Philadelphia 76ers

Give and Go: Would you trade Ben Simmons, No. 3 pick for Kristaps Porzingis, No. 8 pick?

Give and Go: Would you trade Ben Simmons, No. 3 pick for Kristaps Porzingis, No. 8 pick?

Before the offseason craziness starts, our resident basketball analysts will discuss some of the hottest topics involving the Sixers.

Running the Give and Go are CSNPhilly.com Sixers Insider Jessica Camerato, former CSN columnist John Gonzalez(!) and producer/reporters Matt Haughton, Paul Hudrick and Steven Tydings.

In this edition, we break down a totally, completely fake trade scenario brought up in our newsroom: Would you trade Ben Simmons and the No. 3 overall pick to the Knicks for Kristaps Porzingis and the No. 8 pick?

Camerato
Should the Sixers explore a trade for Kristaps Porzingis if the Knicks entertain offers? Yes. (Basically, every team should.) 

Is this the best trade? No.

Ben Simmons has not played in an NBA game. That’s enough reason right there for neither side to make this move.

The Sixers believe they have a very special player in Simmons. They plan to make the 6-foot-10, 2016 first-overall pick the starting point guard next season. If that experiment works, pairing Simmons at the one with a 7-foot-2 center in Joel Embiid who can play away from the basket could cause all sorts of matchup problems and give them a foundation to build around for the future. It is very hard to see the Sixers giving up on that before they even have a chance to try it. 

The Knicks, on the other hand, know what Porzingis can do. He averaged 18.1 points, 7.2 rebounds and shot 35.7 percent from three in his second season. Porzingis is well on his way to becoming a perennial All-Star and the face of the team once they sort out the ongoing Carmelo Anthony saga. If for some reason Simmons didn’t pan out, what would they be left with? There’s no guarantee the Sixers’ third pick becomes a standout player. For the Knicks to trade a proven commodity for unknowns, that’s far too great of a risk.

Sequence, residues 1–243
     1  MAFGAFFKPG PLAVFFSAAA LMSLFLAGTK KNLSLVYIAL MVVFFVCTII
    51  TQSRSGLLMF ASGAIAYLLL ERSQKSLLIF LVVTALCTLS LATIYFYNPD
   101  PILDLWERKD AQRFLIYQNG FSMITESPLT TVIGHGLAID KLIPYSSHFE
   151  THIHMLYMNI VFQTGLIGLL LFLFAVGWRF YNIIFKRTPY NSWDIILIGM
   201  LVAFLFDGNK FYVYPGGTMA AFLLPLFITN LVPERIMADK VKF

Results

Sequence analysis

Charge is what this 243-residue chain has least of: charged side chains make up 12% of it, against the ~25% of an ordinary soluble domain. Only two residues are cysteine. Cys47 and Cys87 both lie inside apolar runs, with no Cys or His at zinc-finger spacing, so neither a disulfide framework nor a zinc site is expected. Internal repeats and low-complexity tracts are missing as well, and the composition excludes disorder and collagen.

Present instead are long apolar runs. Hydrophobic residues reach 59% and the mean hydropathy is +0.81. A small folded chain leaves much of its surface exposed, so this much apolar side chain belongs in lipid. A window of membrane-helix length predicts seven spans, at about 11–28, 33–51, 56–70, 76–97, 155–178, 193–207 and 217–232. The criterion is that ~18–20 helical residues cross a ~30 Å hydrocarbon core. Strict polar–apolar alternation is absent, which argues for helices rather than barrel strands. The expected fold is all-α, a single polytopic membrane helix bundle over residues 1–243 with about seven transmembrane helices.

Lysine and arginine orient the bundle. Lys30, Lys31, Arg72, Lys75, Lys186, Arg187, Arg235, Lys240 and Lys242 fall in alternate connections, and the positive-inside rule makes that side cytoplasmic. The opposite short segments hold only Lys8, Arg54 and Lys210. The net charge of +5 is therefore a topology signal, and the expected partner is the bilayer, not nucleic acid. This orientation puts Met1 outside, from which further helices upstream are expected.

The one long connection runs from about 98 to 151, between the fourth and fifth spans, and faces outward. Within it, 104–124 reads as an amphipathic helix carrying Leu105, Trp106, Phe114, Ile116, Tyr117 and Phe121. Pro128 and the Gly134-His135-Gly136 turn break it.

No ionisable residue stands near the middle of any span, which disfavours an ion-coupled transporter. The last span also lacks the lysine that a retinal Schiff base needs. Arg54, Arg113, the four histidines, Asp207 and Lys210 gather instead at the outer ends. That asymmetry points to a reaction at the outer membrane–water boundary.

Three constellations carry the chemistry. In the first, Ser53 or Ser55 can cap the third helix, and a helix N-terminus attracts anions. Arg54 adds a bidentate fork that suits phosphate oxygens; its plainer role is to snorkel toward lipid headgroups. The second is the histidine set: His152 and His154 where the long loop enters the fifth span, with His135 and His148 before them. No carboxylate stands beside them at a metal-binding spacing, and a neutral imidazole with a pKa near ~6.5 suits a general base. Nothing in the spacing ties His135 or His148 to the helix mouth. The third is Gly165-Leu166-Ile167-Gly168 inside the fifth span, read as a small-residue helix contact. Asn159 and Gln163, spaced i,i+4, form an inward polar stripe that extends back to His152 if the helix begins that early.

Gonzalez
I was busy wearing Bermuda shorts and high black socks and playing bocci when this email request came in. You know a question is all-caps IMPORTANT for them to drag me out of sunny So-Cal semi-retirement and press me back into word monkey duty for CSN. So I will do my level best here. 

It’s close, but Porzingis shoots from distance and also offers some level of rim protection.  I could imagine pairing him with Embiid, and the thought makes me smile. He’s also actually played in the NBA. Plus, there are at least two Latvian rap songs about him. If there are any Latvian rap songs about Simmons, someone should bring them to my attention posthaste, because that puts Simmons at a serious disadvantage. Beyond that, I’m not super smitten with anyone after Fultz, which makes moving back from 3 to 8 less of a concern on my end. 

I was leaning toward a yes on this one when Aaron Talasnik — otherwise known as Fanboy Aaron from something called The700Level Show — texted me to say even considering the deal was stupid. Aaron has finished last in every fantasy league he’s ever been in — and also life. That was it for me. Do the deal.

One last thing, while I’m here: I hope someone remembered to feed the trolls in the comments section while I’ve been away. Roob, maybe?

Haughton
No.

I’m not entirely sure where to start. Let’s go with the part where a major portion of Sam Hinkie’s process was to end up with the No. 1 pick. The Sixers would never trade him without having seen him play in a real NBA game.

Additionally, the Sixers wouldn’t trade Ben Simmons to a division rival so he could potentially bludgeon them four times a season for the next decade.